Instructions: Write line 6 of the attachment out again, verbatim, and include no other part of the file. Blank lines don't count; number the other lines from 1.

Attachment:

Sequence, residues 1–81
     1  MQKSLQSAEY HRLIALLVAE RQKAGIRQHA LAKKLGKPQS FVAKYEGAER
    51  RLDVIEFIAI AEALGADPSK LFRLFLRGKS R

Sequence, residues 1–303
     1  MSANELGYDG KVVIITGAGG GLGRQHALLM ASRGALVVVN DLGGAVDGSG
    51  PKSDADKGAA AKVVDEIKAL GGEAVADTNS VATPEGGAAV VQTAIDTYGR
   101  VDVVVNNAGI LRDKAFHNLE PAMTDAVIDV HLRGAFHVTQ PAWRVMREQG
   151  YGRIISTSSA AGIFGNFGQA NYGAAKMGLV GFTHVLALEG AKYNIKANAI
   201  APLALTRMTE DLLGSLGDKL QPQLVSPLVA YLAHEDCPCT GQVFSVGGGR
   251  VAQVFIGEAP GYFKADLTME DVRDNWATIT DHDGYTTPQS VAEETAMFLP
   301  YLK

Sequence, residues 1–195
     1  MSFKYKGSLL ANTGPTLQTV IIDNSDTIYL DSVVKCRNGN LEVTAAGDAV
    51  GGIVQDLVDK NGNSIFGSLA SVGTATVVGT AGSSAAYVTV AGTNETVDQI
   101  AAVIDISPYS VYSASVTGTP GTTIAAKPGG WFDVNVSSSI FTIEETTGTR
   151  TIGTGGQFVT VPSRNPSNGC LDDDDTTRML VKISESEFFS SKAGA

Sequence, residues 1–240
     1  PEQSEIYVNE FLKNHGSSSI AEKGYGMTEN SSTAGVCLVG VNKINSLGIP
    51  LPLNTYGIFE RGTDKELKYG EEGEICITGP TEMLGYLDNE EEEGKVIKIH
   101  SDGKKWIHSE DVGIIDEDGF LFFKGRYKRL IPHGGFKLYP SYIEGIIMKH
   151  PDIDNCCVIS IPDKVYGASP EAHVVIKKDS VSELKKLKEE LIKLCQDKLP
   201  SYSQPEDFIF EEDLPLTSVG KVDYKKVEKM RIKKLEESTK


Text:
    51  PKSDADKGAA AKVVDEIKAL GGEAVADTNS VATPEGGAAV VQTAIDTYGR